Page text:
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From left, World-Herald legislative reporters Martha Stoddard, Paul Hammel and Aaron Hegarty.

The World-Herald’s Statehouse reporters round up news highlights from the Legislature and state government into the Capitol Digest — a daily briefing for the political newshound with a busy schedule.

Revenge porn and sex trafficking. A trio of measures aimed at countering sex trafficking, helping trafficking victims and fighting online “revenge porn” cleared first-round consideration Thursday in the Nebraska Legislature.

Legislative Bill 519, introduced by State Sen. Julie Slama of Peru, would give prosecutors more tools to go after those who traffic children for sex or labor. Under the bill, prosecutors could use wiretaps in investigating trafficking cases and would no longer face statutes of limitations for filing trafficking or child pornography charges.

As amended by the Judiciary Committee, the bill also spells out the kinds of damages that trafficking victims could seek in court and clarifies that child sex trafficking victims should be treated as abuse and neglect victims.

Another amendment would make it a crime for law enforcement officers to have sex with someone they have arrested or detained.

LB 630, introduced by Sen. Adam Morfeld of Lincoln, would make it a crime to threaten or harass someone by distributing sexual photos or videos of them. Such “revenge porn” gained attention earlier this year when Nebraska running back Maurice Washington was charged in California with allegedly sending a former girlfriend a video that showed her, at age 15, in sex acts with two 17-year-old boys.

The bill would make it a crime to distribute sexual photos of someone in an attempt to extort money or other valuables from them. It also would clarify laws about teenagers sending sexual photos to one another.

LB 680, introduced by Sen. Wendy DeBoer of Bennington, sets out when and how lawsuits can be filed over the disclosure of sexual photos or videos.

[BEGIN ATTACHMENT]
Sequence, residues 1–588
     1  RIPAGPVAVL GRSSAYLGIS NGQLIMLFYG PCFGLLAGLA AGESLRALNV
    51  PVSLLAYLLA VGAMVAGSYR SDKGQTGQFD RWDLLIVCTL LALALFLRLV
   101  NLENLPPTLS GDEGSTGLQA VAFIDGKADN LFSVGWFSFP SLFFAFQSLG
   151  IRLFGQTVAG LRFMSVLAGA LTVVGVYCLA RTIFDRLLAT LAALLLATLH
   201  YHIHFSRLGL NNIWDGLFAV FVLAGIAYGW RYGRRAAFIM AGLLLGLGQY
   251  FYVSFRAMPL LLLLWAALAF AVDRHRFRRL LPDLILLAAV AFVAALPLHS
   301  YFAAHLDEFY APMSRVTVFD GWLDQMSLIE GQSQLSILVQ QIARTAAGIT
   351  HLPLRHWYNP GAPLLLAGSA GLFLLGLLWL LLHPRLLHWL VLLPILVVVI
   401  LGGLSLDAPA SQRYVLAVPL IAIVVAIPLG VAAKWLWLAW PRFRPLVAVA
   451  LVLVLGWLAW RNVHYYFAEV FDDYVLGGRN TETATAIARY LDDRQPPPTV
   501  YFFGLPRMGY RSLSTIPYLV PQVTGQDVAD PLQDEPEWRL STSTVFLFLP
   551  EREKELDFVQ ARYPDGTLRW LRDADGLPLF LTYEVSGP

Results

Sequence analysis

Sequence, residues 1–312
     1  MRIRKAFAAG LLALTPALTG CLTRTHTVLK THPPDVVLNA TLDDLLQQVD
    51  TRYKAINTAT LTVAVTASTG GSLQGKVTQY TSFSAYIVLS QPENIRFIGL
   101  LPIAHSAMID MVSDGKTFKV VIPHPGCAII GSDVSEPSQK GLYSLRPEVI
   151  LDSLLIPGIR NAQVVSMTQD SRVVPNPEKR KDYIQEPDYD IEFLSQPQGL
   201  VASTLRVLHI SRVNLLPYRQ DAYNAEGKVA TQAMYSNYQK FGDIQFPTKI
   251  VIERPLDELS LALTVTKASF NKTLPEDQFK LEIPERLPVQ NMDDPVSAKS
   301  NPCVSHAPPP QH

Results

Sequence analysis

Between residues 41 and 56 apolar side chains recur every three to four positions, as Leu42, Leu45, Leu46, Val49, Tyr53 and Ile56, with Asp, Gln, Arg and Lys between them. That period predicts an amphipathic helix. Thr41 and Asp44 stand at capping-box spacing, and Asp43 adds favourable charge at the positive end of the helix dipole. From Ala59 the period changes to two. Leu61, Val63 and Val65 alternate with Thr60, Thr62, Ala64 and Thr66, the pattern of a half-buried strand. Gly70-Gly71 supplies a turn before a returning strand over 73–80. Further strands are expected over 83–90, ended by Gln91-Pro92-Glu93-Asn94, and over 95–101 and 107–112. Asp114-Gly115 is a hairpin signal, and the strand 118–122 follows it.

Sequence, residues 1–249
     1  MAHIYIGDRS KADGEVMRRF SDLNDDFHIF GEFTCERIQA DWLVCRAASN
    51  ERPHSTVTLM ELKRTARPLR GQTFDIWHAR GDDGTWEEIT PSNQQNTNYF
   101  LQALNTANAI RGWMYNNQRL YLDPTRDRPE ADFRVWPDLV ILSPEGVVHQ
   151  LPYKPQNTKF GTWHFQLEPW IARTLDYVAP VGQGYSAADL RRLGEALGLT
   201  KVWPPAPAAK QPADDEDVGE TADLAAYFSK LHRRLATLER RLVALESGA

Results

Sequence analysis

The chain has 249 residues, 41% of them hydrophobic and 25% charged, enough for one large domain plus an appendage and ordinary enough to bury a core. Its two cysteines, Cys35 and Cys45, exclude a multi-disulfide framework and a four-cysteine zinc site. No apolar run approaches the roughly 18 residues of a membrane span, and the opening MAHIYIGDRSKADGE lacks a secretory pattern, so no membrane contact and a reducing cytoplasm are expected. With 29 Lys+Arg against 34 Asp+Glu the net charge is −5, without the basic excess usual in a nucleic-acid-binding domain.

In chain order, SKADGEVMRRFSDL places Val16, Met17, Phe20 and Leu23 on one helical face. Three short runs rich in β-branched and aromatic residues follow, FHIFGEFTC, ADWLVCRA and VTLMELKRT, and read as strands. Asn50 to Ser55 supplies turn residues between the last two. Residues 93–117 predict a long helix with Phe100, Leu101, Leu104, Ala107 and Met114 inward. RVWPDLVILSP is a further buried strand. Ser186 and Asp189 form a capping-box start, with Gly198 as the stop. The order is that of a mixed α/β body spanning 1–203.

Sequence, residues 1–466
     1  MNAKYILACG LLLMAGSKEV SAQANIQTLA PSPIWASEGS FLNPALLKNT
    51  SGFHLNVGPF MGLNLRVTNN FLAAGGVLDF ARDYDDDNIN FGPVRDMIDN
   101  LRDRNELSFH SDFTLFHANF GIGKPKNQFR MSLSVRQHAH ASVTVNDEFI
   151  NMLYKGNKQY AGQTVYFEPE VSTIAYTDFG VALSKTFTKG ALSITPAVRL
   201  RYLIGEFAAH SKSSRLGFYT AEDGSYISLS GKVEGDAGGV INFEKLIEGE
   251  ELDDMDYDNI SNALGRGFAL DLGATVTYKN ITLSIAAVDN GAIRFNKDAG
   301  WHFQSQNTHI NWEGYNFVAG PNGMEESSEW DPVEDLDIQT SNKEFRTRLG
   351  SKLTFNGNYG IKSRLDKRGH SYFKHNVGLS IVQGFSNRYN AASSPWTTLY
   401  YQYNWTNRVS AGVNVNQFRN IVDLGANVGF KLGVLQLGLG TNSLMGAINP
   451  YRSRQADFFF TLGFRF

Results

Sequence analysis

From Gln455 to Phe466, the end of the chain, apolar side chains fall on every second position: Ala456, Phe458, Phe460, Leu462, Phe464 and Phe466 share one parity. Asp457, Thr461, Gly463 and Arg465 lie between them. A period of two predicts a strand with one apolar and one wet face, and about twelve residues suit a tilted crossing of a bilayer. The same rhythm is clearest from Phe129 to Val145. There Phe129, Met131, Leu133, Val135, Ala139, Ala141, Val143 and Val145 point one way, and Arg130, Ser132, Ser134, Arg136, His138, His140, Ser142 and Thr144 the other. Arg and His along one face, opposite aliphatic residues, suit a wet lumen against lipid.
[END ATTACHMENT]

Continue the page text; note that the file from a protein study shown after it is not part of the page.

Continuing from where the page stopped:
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Home early. Speaker of the Legislature Jim Scheer of Norfolk announced Thursday that the Nebraska Legislature will wrap up its session six days earlier than originally planned.

The last day now will be May 31, instead of June 6.

Scheer said he plans a vote on final passage of the budget Tuesday. Bills must clear first-round debate on Wednesday to have a chance of passing this year. Lawmakers will have a chance to override any gubernatorial vetoes on bills passed on May 24.

As of Thursday, state senators had passed 52 of the 107 bills designated as priorities.

Only 10 priority bills have not had at least three hours of debate.

Not everyone was happy with the early end. Omaha Sen. Justin Wayne said that too many big issues, including the state’s “crisis” in finding skilled workers, will be left unresolved by going home sooner.

Tax break for military retirees. LB 153, which would allow military retirees to pay state income tax on only half of their military retirement income, was advanced from the Revenue Committee on Thursday on a 6-1 vote.

The measure, introduced by Gordon Sen. Tom Brewer, a decorated veteran, on behalf of the governor, won’t be debated until next year because funding for the tax break was not included in the budget.

Brewer pledged to find the funding next year.

Corporate income tax cut. A bill that would lower the state’s corporate income tax rate (7.8%) so that it’s the same as the top tax rates for individuals and small businesses (6.84%) also advanced from the Revenue Committee.

The bill also attempts to fix what Elkhorn Sen. Lou Ann Linehan described as a “mistake” in a law passed last year to avoid adverse effects for state taxpayers from President Donald Trump’s tax overhaul.

Others on the committee disagreed about whether it was a mistake.

But Linehan said 37,000 tax filers in the state were penalized this year because they could not deduct more than $10,000 of their local tax payments from state income taxes. That issue, she said, deserves a debate this year.

Martha Stoddard keeps legislators honest from The World-Herald's Lincoln bureau, where she covers news from the State Capitol. Follow her on Twitter @StoddardOWH. Phone: 402-473-9583.

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